The Richmond School District will be honouring Lorne with the establishment of a scholarship in his name. 
Donations to this scholarship can be made to:
The Richmond School District  #38
Memo: Lorne Bodin Memorial Scholarship

Please send any donations to:
The Lorne Bodin Memorial Scholarship
c/o Glenn Kishi – District Administrator,
Richmond School District,
7811 Granville Avenue,
Richmond, BC,  V6Y3E3

Tax receipts will be issued to any donations over $20.00

Friday, January 7, 2011

Sad News

A few days ago, I wrote on this blog about a friend to many, Lorne Bodin, and the battle he was waging with cancer.  I wrote of all that he meant to me and to so many others.  It is with a very heavy heart that I have to share the news that he passed away peacefully in the early evening of January 5th, surrounded by his loved ones.  Below is the obituary written by his family.

Many of you will have heard by now that Lorne’s battle with cancer ended January 5. He was determined to face this challenge with dignity and humour, and he did so to the end. He died peacefully in Richmond Hospital attended by Jan, Kerri and Greg. Lorne’s character was not affected by his disease, and he was gracious and concerned with the well being of others until the very end. We would like to thank all of you who have supported us, who have prayed, visited, and given of yourselves and your gifts.

At this point, the details of a service in his memory are being finalized, and once confirmed will be posted here.  The family would like to thank all of you who have supported Lorne and them as they go through this very difficult time.  We look forward to seeing many of you at his service in the very near future.  Please check here again for details in the upcoming days.

Be good to yourselves and to one another.

The Richmond Review also has a couple of nice stories, written by Martin van den Hemel, reflecting on Lorne's life, posted here and here.  The Richmond News also has an article, written by Michelle Hopkins, posted here.

Wednesday, January 5, 2011

An Invitation

Over the holidays, I was at a house party with a small group of friends, and was introduced to the concept of using Twitter and Blogging as a Professional development tool (I know, I know....sounds like a fun dinner party!).  A couple of days into the break, I decided to sit down at the computer and try to figure out what all the fuss was about.  While I had heard of Twitter and had seen a few friends attempts at Blogging, I was more than a little reserved about the potential it held for me as a professional.  I am now 2 weeks into the process, and while I have only offered up a few "tweets" and this is just my fourth blog post (I am very much a neophyte, still learning all the abilities both tools possess), I can whole-heartedly endorse what I have seen.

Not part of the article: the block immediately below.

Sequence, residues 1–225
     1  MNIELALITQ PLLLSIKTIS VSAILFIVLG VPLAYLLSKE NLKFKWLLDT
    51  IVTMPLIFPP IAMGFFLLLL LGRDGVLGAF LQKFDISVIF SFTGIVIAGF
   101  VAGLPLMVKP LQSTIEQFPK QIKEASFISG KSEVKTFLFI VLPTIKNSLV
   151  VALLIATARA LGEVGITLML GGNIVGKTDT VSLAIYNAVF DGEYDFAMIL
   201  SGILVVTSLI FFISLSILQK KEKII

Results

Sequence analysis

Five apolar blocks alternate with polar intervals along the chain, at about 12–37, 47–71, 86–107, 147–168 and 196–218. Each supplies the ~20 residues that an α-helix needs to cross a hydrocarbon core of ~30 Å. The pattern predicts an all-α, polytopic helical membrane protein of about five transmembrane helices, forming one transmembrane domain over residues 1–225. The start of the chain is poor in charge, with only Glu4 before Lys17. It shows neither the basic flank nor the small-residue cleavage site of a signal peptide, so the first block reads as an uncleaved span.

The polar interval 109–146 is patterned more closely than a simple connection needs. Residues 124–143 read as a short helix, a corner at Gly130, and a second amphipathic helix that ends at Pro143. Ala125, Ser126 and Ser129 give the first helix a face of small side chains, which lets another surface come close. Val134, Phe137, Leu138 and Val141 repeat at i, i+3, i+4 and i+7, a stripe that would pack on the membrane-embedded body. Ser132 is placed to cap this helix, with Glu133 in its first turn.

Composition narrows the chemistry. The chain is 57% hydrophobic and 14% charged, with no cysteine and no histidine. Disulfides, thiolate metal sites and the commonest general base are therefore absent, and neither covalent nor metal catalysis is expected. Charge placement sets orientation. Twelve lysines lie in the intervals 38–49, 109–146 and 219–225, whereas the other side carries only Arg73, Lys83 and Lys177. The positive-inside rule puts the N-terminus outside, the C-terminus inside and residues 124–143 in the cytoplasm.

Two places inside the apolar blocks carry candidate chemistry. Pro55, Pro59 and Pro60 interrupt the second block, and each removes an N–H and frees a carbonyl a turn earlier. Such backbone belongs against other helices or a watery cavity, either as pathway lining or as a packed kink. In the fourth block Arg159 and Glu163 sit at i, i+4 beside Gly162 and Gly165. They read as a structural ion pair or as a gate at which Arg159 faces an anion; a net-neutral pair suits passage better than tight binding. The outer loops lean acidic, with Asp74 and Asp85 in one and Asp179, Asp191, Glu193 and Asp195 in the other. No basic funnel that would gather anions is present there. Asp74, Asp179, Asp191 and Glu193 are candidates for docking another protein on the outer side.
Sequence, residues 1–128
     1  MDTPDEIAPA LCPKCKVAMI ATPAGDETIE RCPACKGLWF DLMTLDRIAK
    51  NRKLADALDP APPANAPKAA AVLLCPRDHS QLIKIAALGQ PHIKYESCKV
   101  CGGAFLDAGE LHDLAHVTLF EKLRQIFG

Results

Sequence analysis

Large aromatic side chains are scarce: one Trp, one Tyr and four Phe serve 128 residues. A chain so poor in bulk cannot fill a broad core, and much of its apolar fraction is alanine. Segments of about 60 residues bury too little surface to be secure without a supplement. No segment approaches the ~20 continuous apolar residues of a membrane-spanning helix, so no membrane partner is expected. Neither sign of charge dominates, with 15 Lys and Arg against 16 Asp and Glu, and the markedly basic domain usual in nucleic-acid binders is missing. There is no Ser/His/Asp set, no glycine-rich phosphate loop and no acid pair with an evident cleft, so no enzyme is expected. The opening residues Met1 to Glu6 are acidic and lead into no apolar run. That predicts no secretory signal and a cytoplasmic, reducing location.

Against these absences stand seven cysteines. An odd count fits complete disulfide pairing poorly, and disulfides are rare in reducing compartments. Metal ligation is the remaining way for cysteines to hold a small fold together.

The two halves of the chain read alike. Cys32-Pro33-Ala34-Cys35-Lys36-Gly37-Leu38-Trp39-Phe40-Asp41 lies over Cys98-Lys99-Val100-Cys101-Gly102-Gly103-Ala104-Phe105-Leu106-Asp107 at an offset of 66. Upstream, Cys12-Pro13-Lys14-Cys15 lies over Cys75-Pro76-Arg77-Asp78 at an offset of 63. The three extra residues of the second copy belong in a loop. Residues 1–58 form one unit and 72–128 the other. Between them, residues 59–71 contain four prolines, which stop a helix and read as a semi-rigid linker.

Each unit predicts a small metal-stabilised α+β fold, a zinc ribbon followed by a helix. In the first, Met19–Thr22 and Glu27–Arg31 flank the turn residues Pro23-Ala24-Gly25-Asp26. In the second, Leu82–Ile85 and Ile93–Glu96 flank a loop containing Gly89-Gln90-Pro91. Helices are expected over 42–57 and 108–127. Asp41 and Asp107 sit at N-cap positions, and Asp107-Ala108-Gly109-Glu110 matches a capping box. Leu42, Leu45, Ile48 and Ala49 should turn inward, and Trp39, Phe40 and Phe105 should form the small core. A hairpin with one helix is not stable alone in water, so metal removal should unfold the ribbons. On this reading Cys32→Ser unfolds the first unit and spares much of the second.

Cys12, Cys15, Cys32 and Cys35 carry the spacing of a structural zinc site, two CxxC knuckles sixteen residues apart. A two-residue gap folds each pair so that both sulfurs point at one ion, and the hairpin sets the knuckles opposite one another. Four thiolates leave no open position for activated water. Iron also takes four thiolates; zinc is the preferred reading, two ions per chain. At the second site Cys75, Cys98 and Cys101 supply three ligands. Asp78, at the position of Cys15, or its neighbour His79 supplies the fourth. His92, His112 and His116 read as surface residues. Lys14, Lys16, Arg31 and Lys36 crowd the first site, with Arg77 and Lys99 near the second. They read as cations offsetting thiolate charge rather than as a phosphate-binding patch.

I will confess to never having been a huge Professional Development enthusiast.  I frequently found guest presenters having much sizzle, and not as much substance, and often wondered to myself after attending such workshops, "How much is this going to actually change the practice in my classroom or the school, long term?"  The Pro-D I have been most energized by has come from working closely with our staff at Burnett, discussing topics near and dear to us, and eliciting and responding to student voices that had been raised when we asked them what was working and what needed to be re-examined as far as their education.  That was extremely rich Pro-D, and I feel that those kinds of conversations are being re-ignited for me through my involvement with Twitter.  I have never been as excited about the potential for sustained professional development and sharing ideas and thoughts with colleagues within a school, as well as staying abreast of new ideas around the world, as I am now that I have begun my journey using this tool.  The lack of sustained Pro-D in schools, in my opinion, is because we quite simply don't have enough time to connect with one another and share these thoughts and ideas during the work day, and the busyness of our personal lives gets in the way.  What is most exciting about Twitter and Blogging is that they are available to us whenever we can find the time (open 24 hours a day), and can help broaden our perspectives due to the number of different views/experiences one can encounter.